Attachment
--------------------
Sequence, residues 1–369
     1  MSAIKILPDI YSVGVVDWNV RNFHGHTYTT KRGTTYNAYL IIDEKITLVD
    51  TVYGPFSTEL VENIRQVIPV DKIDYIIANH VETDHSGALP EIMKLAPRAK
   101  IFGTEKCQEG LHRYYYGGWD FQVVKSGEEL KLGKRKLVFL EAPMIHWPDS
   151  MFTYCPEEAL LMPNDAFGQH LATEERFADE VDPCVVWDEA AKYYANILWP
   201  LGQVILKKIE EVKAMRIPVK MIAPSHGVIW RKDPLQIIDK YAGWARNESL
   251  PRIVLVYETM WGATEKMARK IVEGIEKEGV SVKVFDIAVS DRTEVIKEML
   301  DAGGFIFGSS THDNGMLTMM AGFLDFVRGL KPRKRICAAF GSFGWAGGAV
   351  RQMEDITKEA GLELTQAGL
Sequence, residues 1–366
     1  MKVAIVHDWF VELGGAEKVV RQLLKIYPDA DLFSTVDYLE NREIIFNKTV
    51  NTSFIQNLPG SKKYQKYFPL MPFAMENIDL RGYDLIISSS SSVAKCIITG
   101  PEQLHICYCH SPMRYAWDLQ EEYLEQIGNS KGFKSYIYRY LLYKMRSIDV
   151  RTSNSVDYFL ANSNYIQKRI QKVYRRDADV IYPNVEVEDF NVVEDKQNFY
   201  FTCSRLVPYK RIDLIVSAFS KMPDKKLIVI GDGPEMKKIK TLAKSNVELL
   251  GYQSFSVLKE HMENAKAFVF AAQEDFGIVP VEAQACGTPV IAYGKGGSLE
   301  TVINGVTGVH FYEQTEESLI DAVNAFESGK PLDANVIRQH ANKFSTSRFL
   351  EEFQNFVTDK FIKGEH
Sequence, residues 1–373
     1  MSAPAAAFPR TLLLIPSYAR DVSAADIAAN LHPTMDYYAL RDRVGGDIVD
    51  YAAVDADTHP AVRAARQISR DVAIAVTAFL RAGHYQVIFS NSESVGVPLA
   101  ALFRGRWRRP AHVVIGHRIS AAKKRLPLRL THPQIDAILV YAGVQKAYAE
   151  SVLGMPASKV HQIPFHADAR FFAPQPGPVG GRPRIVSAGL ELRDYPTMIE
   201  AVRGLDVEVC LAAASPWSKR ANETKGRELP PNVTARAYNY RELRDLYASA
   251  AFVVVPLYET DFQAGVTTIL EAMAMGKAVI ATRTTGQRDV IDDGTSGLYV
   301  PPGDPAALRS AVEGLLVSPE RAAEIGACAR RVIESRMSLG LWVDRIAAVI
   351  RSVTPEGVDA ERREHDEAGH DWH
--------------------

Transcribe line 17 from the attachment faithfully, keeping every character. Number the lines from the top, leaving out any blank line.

   301  TVINGVTGVH FYEQTEESLI DAVNAFESGK PLDANVIRQH ANKFSTSRFL